Why bother with vaccinations?
Three members of the McMaster community volunteered their time last weekend to answer that question at the Quarantine Tent.
The interactive display allowed visitors to meet people transported from the past who, by today's standards, have vaccine-preventable diseases. It was hosted by Hamilton Public Health Services (HPHS), and took place at this year's Open Streets Hamilton festival on James Street North.
At the Quarantine Tent, visitors met actors (a mix of students and healthcare professionals) who played patients with diseases such as diphtheria, polio and smallpox. The actors also communicated how the diseases affected families and communities from past eras.
Aiman Alak knows the elation of having research published and the impact it can have on the success of a career.
The former internal medicine resident, now a cardiology resident in the Department of Medicine, recently published his paper, How to Succeed in Research During Medical Training, in the journal Clinical Investigative Medicine. The study was funded by the Regional Medical Associates Research Scholarship Fund.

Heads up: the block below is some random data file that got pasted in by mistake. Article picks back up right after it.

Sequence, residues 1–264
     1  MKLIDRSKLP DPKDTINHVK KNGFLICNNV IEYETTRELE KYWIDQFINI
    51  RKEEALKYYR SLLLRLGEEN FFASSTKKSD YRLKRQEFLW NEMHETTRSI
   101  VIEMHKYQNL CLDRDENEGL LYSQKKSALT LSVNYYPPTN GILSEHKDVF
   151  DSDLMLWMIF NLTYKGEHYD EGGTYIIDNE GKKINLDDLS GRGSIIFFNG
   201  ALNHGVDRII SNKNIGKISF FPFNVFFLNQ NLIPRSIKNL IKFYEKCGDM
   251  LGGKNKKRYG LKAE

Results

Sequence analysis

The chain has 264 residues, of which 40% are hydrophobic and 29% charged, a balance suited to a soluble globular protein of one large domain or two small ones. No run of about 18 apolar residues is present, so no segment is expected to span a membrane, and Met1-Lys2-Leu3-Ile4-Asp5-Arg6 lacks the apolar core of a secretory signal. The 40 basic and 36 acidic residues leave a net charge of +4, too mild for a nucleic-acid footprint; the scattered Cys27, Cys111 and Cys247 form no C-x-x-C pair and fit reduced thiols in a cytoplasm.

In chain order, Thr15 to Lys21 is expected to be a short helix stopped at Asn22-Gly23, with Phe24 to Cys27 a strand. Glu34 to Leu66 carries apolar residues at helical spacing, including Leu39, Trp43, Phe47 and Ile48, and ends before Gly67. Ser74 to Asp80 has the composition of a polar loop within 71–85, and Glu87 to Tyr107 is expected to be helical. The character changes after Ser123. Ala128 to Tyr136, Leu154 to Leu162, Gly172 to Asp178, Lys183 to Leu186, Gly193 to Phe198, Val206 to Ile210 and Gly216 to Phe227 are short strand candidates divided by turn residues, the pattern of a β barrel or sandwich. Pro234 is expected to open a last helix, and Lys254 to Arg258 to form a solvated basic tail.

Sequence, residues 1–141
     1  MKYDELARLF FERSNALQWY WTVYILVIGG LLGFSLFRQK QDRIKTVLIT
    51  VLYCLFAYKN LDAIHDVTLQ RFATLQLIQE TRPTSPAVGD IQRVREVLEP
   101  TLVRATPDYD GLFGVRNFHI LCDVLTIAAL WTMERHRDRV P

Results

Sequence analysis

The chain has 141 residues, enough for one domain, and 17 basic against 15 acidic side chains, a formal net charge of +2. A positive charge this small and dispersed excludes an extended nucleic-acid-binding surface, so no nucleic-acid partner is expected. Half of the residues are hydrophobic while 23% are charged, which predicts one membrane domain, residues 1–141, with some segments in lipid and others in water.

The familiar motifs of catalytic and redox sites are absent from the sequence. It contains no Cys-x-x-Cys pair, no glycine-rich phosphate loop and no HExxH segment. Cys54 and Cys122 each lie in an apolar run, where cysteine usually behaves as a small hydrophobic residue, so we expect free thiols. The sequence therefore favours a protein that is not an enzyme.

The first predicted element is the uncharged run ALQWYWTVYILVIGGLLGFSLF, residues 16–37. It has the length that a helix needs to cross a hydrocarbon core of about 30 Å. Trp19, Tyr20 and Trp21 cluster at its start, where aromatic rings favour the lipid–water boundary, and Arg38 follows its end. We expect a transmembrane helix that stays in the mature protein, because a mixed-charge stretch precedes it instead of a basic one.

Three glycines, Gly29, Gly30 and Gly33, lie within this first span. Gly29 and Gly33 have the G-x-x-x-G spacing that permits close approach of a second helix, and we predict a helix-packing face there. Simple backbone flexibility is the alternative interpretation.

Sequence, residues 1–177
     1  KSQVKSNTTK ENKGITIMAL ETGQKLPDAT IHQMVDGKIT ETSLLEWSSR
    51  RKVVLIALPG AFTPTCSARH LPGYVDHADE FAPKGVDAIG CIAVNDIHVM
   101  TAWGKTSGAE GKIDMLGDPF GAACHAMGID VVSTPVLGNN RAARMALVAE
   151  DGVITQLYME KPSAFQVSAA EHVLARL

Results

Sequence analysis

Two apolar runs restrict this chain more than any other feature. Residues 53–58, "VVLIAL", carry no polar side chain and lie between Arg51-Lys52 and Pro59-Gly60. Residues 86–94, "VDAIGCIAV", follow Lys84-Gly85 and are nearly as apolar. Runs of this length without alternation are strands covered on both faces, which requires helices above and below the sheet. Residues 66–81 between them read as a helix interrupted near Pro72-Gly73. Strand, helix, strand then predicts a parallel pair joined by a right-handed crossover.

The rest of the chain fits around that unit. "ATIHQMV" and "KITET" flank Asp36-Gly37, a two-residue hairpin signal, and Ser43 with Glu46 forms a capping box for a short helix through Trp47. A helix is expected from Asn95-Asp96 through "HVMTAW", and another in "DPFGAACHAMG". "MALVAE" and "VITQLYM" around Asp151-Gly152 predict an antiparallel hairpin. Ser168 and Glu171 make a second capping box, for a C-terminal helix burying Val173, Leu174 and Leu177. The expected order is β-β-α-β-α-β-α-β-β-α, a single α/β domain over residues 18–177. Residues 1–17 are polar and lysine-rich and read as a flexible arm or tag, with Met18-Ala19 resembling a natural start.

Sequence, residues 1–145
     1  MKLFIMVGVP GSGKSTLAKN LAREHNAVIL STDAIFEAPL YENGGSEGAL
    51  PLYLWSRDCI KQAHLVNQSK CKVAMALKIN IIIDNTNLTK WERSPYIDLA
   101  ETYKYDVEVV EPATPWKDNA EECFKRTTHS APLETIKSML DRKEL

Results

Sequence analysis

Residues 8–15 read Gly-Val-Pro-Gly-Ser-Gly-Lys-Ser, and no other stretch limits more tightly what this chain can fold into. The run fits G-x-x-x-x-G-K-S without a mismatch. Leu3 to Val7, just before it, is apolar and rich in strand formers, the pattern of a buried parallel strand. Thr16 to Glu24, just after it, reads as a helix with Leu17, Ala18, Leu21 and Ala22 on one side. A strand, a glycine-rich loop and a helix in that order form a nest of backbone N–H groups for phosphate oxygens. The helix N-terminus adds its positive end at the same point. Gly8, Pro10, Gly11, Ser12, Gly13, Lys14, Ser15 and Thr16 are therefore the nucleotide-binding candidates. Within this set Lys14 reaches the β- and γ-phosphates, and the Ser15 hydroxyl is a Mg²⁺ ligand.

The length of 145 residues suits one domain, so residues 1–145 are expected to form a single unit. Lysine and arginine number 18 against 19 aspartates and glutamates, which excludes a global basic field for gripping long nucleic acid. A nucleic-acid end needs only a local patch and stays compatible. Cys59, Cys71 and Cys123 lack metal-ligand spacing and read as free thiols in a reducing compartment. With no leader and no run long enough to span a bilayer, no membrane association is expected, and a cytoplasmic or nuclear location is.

"Having a research background is important to your career, and for fellowship applications it's a major bonus," he says. "Unfortunately, 90 to 95 percent of resident research gets close to being finished, but it's just that one last step of publishing the paper — and probably getting the most benefit and credit for the work — that gets dropped by the wayside."